Following a blistering budget battle with Gov. Jerry Brown last year that stirred debate about tuition increases and recruiting out-of-state students, the number of Californians enrolled at the University of California has dropped.
About 1,600 fewer California students were enrolled at UC’s nine undergraduate campuses last fall as compared with the fall 2014 semester, including 1,317 fewer resident freshmen. UC declined to provide a breakdown by campus.
While the university and the state fought over money last spring, UC instructed campuses to keep enrollment flat. All colleges have to estimate how many of the students they admit will ultimately enroll, and campuses offered to accept about 1,150 fewer Californians than they did the previous year. Spokeswoman Dianne Klein said not as many of them agreed to attend as UC expected.
“This is a very inexact science. It’s more art than science,” Klein said. “The campuses were a little conservative.”
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1,317Decrease in the number of resident freshmen at UC between fall 2014 and fall 2015
UC Davis reported that it enrolled 417 fewer resident freshmen and 294 fewer resident transfers last semester as compared with fall 2014, a decline of 9.5 percent. The number of new out-of-state and international students grew by 460, up 40 percent.
The drop came as UC is facing growing pressure to expand access for Californians. Last June’s budget deal included a $25 million incentive for the university if it adds 5,000 more slots for resident students by the 2016-17 academic year.
“It’s just extremely disappointing and frustrating for California families that we see a rationing of access to higher education,” said Assemblyman Kevin McCarty, D-Sacramento, who chairs the Assembly budget subcommittee that oversees higher education spending. “You’re missing a generation of students right now.”
Dissatisfaction with UC among parents and lawmakers has been bubbling up for years as the university turned its focus across the country and overseas to find more higher-paying nonresident students that could make up for deep budget cuts from the economic recession.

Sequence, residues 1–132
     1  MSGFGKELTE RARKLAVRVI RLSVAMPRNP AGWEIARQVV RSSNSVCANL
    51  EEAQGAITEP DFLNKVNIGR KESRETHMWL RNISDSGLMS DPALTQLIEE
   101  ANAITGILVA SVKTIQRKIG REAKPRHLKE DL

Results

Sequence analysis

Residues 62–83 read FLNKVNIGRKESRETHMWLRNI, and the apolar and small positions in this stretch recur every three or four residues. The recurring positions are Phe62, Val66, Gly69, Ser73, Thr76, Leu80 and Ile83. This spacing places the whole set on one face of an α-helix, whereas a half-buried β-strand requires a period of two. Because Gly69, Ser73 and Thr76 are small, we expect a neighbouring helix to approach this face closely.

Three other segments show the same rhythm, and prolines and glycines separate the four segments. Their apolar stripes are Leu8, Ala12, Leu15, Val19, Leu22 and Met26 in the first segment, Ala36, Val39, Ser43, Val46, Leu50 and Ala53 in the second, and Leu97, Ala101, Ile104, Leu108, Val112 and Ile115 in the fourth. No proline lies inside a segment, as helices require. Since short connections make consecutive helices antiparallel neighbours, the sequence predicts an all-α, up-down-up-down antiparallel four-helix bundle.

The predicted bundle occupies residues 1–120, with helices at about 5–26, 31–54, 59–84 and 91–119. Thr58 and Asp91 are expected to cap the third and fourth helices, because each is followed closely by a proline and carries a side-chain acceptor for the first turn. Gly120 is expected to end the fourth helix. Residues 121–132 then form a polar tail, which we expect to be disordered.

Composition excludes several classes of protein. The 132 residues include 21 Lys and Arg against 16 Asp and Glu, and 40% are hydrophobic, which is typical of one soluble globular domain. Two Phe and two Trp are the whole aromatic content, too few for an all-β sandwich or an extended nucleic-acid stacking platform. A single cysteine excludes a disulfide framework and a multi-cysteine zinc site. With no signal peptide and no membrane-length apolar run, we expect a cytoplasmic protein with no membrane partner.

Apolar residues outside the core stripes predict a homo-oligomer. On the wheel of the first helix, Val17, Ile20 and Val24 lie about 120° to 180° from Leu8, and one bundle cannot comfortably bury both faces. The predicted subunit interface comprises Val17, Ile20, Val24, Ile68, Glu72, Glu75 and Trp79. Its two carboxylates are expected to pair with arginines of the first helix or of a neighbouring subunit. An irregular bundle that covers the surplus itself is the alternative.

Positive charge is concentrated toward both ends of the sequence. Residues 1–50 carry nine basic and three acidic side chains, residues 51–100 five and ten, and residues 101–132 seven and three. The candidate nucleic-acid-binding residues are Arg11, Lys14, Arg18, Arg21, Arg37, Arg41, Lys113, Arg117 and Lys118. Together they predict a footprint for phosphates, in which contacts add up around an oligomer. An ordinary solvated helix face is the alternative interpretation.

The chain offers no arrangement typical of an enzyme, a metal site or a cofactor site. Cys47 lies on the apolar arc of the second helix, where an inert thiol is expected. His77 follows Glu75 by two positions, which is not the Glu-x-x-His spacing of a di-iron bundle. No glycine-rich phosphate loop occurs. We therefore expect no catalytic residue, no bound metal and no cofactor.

Nonresidents now make up about 15 percent of the undergraduate population across the system, reaching more than 20 percent at UC’s flagship campuses in Berkeley and Los Angeles, where admissions are most competitive. UC has said the fees paid by out-of-state students supplement thousands of slots for Californians that are no longer funded by the state.
The controversy reached a fever pitch in November 2014, when UC President Janet Napolitano announced a plan to raise tuition by up to 5 percent annually for five years unless the state gave the university more money than it had already promised.
After six months of tense negotiations that saw UC publicly threaten to limit in-state enrollment, the final deal included four years of funding increases, a two-year tuition freeze and the enrollment incentive. In November, UC announced a plan to add 10,000 new slots for California students over the next three years, including 5,000 this fall, to be paid for in part by enrolling 3,000 more nonresidents during the same period.
It doesn’t change that we are going to have an influx of California students next year.
UC spokeswoman Dianne Klein
Klein said UC remains committed to that plan, and it will consequently seek to enroll more than 6,500 additional California freshman and transfers this year, to make up for the deficit while also meeting the 5,000-student incentive goal.
“It doesn’t change that we are going to have an influx of California students” this fall, she said.
UC enrolled 48,493 California freshmen and transfers in fall 2014, so it will need an estimated 53,493 this year to reach its goal, growth of about 10 percent.
The university has a larger pool to select from. On Monday, it reported a record 206,339 students had applied for admission in fall 2016. Of those, 138,246 are Californians, about 7.3 percent more than applied two years ago.
UC Davis said it has been asked to enroll 1,000 more new resident students this fall than it did last fall; it intends for two-thirds of those to be transfers. The campus also plans to add 135 more new nonresidents.
We need to draw the line. No more of this.
Assemblyman Kevin McCarty, D-Sacramento
McCarty said lawmakers will hold UC to their enrollment plan. He added that he will introduce a bill with Assemblyman Jose Medina, D-Riverside, in the coming weeks to create a mandatory ratio between California and out-of-state students at UC campuses.
“We need to draw the line,” McCarty said. “No more of this.”
Klein said UC had no response to his proposal, but noted that nonresident enrollment at UCLA and Berkeley is flat, as the university promised last year.
“Our focus has been on making sure we increase access for Californians,” she said.